The thing that surprised me most about the instruments and models was the relationship he had with each of them, instead of being the ‘protector of them’,it was clear that all of these things where very much to be enjoyed, touched and played. Many of the objects and instruments have been collected from the journeys and expeditions which the Armagh Ryhmers have made all over the world, using their shared passion, wisdom many talents they have provided the world with a unique insight and joy in Armaghs rich traditional history and identity.

'Mask' puppet1

The objects and instruments which fill Dara’s workshop are so unusual and unique most people would I fear keep them under lock and key were there true preciousness wold never be discovered. I feel almost child like for a moment a then remember that universal ‘Don’t touch !!’ rule which followed me around like cloud, or was it more like a ‘burning sensation around the ear’ ……. anyway today, now, those rules don’ t apply here ! ………….. ha!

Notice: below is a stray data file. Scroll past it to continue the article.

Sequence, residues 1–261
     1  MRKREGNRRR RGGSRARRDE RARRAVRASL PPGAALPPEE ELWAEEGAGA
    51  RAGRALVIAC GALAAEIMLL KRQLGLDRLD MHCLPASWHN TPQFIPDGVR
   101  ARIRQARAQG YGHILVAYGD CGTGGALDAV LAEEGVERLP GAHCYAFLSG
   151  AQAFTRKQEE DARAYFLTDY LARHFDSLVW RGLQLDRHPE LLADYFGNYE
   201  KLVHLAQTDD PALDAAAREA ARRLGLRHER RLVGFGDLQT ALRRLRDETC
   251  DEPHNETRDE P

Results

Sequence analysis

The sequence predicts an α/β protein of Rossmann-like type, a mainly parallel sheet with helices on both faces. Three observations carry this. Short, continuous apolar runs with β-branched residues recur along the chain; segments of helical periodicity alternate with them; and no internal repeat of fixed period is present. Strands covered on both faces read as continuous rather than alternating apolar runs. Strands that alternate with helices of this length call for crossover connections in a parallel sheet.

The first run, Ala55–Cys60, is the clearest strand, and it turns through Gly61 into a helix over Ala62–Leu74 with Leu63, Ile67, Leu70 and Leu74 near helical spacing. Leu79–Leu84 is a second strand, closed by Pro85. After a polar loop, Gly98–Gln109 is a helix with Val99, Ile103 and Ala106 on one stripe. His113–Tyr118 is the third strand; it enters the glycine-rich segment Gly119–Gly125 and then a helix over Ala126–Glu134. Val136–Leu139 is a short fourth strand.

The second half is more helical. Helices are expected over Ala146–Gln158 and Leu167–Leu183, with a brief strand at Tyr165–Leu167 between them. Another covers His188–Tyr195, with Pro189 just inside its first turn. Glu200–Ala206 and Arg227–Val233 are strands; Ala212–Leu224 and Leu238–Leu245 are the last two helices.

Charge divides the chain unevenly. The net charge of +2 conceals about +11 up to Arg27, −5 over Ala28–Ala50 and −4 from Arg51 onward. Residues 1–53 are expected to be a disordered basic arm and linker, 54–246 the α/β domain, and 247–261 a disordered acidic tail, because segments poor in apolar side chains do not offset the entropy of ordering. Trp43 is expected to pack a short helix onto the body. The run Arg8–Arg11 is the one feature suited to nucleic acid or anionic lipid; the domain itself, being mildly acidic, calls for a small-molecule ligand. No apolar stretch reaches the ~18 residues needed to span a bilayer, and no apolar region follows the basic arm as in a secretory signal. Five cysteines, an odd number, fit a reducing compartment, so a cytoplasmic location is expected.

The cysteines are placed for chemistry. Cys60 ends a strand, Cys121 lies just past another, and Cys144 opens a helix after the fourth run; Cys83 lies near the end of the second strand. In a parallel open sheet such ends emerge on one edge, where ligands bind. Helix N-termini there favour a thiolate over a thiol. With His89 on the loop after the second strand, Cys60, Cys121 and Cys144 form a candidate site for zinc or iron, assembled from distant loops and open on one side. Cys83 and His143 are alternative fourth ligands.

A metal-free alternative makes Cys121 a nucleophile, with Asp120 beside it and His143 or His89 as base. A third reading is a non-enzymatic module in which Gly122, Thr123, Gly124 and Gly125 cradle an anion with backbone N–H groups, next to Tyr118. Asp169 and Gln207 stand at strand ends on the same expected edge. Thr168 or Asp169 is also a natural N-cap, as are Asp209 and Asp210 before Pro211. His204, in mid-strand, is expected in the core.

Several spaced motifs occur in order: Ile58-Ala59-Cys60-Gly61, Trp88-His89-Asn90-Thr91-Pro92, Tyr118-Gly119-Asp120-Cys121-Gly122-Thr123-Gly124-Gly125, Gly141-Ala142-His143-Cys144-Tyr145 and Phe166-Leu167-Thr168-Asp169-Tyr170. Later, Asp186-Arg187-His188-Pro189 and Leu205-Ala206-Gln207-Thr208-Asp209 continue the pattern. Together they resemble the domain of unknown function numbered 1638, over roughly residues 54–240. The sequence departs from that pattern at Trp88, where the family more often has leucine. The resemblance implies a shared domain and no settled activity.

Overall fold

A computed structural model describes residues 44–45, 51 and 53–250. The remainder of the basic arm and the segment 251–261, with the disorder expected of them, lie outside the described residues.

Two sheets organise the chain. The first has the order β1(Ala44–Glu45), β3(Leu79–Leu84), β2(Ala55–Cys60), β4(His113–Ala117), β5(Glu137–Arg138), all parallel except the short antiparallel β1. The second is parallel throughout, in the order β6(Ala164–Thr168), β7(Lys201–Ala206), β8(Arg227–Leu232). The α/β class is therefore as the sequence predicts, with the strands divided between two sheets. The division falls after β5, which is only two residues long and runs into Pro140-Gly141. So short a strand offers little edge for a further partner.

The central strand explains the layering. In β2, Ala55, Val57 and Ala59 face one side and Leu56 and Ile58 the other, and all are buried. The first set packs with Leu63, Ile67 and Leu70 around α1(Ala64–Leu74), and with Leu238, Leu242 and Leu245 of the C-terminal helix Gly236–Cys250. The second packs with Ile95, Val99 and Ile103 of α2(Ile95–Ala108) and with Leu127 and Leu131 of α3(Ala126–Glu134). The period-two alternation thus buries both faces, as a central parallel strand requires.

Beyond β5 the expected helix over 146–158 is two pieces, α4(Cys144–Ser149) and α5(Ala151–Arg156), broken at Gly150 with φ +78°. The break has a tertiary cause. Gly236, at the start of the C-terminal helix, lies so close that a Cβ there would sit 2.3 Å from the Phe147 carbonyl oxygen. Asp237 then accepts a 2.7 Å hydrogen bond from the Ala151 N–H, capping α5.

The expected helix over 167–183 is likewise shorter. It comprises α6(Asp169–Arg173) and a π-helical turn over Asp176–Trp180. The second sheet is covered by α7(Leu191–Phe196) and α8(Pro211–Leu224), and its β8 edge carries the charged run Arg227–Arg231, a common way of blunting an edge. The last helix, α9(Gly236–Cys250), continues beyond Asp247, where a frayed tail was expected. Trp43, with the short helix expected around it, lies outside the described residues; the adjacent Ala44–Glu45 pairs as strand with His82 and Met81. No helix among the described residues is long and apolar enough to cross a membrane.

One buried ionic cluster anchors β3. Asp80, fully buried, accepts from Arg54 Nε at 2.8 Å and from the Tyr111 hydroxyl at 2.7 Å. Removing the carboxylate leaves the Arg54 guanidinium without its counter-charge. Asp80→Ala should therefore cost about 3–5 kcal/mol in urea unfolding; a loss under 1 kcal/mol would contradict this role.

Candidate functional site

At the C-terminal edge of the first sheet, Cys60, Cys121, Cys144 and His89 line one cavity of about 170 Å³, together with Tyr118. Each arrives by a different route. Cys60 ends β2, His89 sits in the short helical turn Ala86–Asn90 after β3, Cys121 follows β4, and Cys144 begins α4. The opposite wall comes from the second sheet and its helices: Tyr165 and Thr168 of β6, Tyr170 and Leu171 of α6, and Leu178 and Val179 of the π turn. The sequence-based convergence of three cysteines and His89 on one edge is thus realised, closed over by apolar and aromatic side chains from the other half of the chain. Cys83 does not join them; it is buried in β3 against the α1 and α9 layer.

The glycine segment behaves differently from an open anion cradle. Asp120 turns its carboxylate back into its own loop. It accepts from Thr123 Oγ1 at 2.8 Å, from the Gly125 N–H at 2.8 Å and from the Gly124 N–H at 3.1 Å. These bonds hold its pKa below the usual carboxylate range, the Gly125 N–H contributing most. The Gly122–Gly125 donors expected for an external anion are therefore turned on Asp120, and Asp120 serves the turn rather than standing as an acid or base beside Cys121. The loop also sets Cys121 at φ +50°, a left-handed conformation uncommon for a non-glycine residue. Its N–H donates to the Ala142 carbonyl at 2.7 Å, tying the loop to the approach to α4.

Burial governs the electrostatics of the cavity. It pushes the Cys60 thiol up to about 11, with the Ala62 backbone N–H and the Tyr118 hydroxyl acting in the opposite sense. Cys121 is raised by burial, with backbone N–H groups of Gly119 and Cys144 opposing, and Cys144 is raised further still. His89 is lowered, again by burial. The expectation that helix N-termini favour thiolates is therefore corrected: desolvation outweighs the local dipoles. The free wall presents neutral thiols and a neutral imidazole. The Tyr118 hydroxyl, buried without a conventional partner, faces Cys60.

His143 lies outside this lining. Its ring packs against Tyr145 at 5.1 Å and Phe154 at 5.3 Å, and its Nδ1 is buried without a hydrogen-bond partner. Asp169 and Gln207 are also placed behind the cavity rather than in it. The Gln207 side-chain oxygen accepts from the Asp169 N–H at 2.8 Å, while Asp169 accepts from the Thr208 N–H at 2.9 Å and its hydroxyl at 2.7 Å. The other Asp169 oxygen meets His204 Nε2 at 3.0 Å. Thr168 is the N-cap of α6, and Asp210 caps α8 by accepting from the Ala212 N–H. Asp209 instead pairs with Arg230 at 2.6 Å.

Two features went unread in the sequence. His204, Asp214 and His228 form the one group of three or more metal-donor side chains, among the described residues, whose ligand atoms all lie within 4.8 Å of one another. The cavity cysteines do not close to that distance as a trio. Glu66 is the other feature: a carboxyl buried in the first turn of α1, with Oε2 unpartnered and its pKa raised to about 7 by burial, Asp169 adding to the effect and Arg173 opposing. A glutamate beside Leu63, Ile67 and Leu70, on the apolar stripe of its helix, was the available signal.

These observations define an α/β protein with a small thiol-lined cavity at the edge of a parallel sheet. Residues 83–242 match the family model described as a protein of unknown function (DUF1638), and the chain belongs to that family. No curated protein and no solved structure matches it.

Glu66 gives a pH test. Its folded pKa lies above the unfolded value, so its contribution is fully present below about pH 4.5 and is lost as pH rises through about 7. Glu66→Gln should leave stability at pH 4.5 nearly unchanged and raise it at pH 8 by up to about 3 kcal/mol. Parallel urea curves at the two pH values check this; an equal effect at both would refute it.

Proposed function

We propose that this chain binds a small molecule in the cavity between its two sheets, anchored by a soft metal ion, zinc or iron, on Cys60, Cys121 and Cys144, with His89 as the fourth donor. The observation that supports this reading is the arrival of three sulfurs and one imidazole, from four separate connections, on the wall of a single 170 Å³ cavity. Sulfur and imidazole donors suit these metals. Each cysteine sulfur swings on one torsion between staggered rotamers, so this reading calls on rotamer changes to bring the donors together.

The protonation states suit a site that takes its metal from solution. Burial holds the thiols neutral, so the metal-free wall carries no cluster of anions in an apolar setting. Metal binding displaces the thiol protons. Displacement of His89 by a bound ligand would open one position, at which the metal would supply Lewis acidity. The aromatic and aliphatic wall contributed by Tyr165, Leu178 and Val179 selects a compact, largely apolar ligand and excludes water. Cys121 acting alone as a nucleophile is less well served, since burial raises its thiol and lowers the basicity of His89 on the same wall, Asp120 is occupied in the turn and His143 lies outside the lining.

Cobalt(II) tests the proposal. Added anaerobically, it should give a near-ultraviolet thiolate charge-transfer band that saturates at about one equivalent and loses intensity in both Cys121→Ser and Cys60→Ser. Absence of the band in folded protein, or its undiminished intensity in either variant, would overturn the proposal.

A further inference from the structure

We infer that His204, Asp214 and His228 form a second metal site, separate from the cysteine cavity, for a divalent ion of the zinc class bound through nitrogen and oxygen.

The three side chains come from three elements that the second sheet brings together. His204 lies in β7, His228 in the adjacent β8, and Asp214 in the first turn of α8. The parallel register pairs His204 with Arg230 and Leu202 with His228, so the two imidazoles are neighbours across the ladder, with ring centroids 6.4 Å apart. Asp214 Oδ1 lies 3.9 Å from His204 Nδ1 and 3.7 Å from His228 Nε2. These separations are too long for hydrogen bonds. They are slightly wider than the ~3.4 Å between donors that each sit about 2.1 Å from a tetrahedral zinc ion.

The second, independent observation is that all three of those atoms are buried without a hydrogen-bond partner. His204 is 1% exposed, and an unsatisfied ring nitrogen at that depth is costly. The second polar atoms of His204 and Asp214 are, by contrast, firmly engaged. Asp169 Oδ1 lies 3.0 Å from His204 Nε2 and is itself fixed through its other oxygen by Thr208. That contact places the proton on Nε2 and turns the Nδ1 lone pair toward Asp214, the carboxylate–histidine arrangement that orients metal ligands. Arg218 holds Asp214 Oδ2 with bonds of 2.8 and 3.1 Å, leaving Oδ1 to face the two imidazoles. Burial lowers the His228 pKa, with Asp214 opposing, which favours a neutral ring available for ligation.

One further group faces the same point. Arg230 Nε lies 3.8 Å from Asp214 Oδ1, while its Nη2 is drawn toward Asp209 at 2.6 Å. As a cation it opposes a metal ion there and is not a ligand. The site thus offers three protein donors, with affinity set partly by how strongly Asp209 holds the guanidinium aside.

As an adult now though I know or rather can explain that through touch the meaning, level of understanding and learning is engaged on a deeper level and am sure that each instrument, mask or puppet has been touched by hundreds of little hands that have explored and enjoyed them over the years. Not that ‘many’ of course oops! there goes my invite back.

Dara has a tremendous gift of making one feel at ease, hours passed like minutes as we ate the contents of his fridge and chatted well though the best part of day.

Hairy Scary

So until we meet again Thank you for all your effort and kindness, and your generosity in abolishing the “don’t touch policy!” and the resulting unquantifiable legacy enjoyed by countless tiny mitts the world over..